One woman interviewed last week, said of one of the Love Island contestants, ‘she’s so gorgeous she can have anything she wants’.   Seriously?

This was the same young woman who’d had a boob job after having children in her 20s, because they sagged a bit after breastfeeding.  How sad that she can’t change her perspective.  That she can’t see what an amazing job her body has done in giving birth and nurturing a new life.

Let me be honest here and say that I did have a consultation about having breast augmentation.

I’m anti cosmetic surgery and procedures apart from reconstructive surgery or helping someone with disfiguring scars.  So I was really at odds with my own principles when I booked a consultation to discuss breast augmentation.  It was probably the main reason I couldn’t get out of the consultant’s office fast enough when he leered at me!

I had a wake up call as he stared at my breasts.  Surgery was not going to make me a happier person.   Being accepting of my body was going to have a much greater impact.  I needed to have a positive body image.


Up To 1 Million Britons Use Steroids For Image

Despite the well-publicized health risks of steroids, it appears to be a risk worth taking for many.anabolic steroids health risks

The most common age group who begin taking steroids are between 20 and 24.  But teenagers as young as 13 and men as old as 70 are using steroids to improve their body image.

The health risks are extensive and the long-term effects may ultimately result in death.   Risks are of course increased if the source of supply is not reliable.  Given that Steroids are a Class C drug it’s not illegal to take them, but it is to supply.

While not physically dependent, users are psychologically hooked on the way the drugs make them look and feel.     Coming off steroids can lead to serious complications if not done properly. The body needs to be weaned off the drugs and suddenly discontinuing them can lead to serious health issues.

But again I really worry that the misuse of anabolic steroids is another consequence of the pressures we put on ourselves and others put on us.  It’s bad enough when sports people use them to enhance performance.  But when they’re used to improve image that’s another symptom of our image-obsessed society.  But it’s a society that does not have a positive body image.


#strongnotskinnyAn interesting article published in the Huffington Post last month considered the unhealthy heroin chic of the 90s.  Katie Bishop asked if Heroin Chic had simply been replaced by an alternative equally unattainable culture of #strongnotskinny.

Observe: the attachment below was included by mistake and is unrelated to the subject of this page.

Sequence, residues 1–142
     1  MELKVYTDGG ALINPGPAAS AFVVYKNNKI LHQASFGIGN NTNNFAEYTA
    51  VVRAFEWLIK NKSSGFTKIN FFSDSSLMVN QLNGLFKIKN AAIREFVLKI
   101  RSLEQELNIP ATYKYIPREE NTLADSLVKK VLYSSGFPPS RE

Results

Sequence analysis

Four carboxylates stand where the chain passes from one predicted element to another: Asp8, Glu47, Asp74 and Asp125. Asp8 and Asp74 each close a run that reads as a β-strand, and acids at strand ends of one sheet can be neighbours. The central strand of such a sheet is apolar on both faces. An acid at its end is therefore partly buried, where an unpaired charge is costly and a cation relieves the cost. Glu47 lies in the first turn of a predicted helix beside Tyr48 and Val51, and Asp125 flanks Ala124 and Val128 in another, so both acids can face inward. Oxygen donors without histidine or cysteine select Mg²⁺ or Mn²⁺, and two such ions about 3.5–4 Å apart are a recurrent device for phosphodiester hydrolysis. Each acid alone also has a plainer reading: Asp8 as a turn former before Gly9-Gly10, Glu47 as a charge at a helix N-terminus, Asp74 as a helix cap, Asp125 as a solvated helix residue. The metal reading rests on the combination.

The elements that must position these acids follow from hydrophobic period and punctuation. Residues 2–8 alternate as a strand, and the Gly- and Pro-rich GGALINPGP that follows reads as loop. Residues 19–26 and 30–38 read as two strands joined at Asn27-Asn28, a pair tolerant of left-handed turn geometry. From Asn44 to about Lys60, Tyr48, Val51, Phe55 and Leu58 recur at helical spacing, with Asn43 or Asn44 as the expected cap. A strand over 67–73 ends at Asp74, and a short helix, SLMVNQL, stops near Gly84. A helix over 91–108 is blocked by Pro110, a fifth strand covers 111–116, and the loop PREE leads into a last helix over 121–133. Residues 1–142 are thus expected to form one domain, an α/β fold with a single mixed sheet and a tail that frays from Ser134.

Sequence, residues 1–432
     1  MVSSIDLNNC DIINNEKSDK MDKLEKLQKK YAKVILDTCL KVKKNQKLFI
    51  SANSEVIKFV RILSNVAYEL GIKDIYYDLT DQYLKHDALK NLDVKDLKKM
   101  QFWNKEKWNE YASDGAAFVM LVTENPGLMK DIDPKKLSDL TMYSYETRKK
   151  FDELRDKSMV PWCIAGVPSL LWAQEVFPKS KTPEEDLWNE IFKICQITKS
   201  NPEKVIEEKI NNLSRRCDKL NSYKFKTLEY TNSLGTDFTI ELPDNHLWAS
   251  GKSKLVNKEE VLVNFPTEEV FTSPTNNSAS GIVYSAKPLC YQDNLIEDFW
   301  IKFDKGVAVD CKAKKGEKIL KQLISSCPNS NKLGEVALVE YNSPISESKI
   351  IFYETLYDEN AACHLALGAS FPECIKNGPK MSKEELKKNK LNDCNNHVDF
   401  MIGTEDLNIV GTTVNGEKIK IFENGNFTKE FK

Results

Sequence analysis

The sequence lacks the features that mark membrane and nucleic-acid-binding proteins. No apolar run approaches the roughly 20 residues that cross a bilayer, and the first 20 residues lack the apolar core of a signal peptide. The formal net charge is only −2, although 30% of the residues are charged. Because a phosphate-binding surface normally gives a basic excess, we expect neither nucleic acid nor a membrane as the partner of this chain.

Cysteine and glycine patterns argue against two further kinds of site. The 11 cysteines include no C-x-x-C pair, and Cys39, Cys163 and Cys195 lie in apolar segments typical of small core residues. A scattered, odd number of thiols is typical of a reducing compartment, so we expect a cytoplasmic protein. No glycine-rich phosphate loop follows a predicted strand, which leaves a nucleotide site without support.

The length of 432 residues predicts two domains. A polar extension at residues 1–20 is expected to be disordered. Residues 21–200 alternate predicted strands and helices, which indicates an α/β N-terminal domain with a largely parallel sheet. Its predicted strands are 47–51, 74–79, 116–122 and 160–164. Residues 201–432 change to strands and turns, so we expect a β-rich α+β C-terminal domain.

The blog points out that for most of us, sculpted abs and well-defined butt muscles are not the norm.  While mermaid thighs are more realistic than a thigh gap; the #fitspo movement has created another unobtainable body form rather than a positive body image.

I largely agree with Katie Bishop, that positive body image is complex.  But for me it’s all about getting our mental and emotional well being right.

That basic education has to start in the home for young children, who need to be given positive role models and attitudes towards food and body image.   Fads about food and attitude to body image can and will be picked up by impressionable young minds.

As a Society we need to change our attitudes to many things so that young people have healthier role models to follow.    Schools, communities and media all have a part to play.

We’ll never totally eradicate our perception of an idealized body shape. We’ve got some very basic instincts that program us when we’re looking for a mate.

But we can choose to accept a positive body image and be more accepting of our bodies regardless of shape and size.   Let’s make this the new ‘style’ for body image and not a fashion.   Fashion fades style is eternal – Coco Chanel.

It’s ‘Simple’ Really!

The bottom line is that we need to retrain our thinking and learn a healthier approach to encourage positive body image.

If you’re struggling to love your body, why not download my 3 Awesome Tips to Body Confidence, which will help you have a much more positive approach.